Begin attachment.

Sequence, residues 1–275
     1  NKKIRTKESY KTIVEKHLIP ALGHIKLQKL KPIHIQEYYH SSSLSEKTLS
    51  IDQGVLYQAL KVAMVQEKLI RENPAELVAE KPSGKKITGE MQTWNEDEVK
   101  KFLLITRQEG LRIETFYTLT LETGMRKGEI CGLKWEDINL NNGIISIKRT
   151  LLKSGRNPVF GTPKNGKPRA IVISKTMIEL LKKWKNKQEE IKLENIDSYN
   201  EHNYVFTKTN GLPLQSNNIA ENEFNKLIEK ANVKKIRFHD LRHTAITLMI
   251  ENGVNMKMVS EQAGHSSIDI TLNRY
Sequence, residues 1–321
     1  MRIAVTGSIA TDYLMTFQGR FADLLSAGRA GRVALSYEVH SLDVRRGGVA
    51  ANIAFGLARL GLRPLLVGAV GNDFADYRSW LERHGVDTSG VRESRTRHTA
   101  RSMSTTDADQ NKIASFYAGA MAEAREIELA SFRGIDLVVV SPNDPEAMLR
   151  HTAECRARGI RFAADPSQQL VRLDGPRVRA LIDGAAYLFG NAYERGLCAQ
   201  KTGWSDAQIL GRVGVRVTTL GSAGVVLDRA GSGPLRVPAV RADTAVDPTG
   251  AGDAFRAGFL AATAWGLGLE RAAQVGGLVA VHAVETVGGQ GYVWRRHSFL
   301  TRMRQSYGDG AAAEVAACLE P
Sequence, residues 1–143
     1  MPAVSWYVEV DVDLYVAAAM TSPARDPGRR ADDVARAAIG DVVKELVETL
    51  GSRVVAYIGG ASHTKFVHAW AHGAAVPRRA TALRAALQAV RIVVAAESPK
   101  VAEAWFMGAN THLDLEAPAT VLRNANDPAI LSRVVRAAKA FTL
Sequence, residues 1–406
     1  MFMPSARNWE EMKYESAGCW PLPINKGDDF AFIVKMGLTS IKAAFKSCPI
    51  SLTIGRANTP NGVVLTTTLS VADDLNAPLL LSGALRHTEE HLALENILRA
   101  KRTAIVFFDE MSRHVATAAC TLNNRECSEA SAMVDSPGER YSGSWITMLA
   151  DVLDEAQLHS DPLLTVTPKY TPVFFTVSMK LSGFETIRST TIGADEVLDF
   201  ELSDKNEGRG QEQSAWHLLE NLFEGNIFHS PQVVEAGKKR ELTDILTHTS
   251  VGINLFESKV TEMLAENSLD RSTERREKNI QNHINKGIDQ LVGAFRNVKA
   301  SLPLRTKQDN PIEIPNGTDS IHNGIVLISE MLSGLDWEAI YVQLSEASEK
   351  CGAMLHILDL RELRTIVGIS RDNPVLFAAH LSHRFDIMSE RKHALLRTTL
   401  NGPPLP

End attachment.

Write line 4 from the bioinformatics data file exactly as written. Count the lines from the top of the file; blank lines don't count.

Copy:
   101  KFLLITRQEG LRIETFYTLT LETGMRKGEI CGLKWEDINL NNGIISIKRT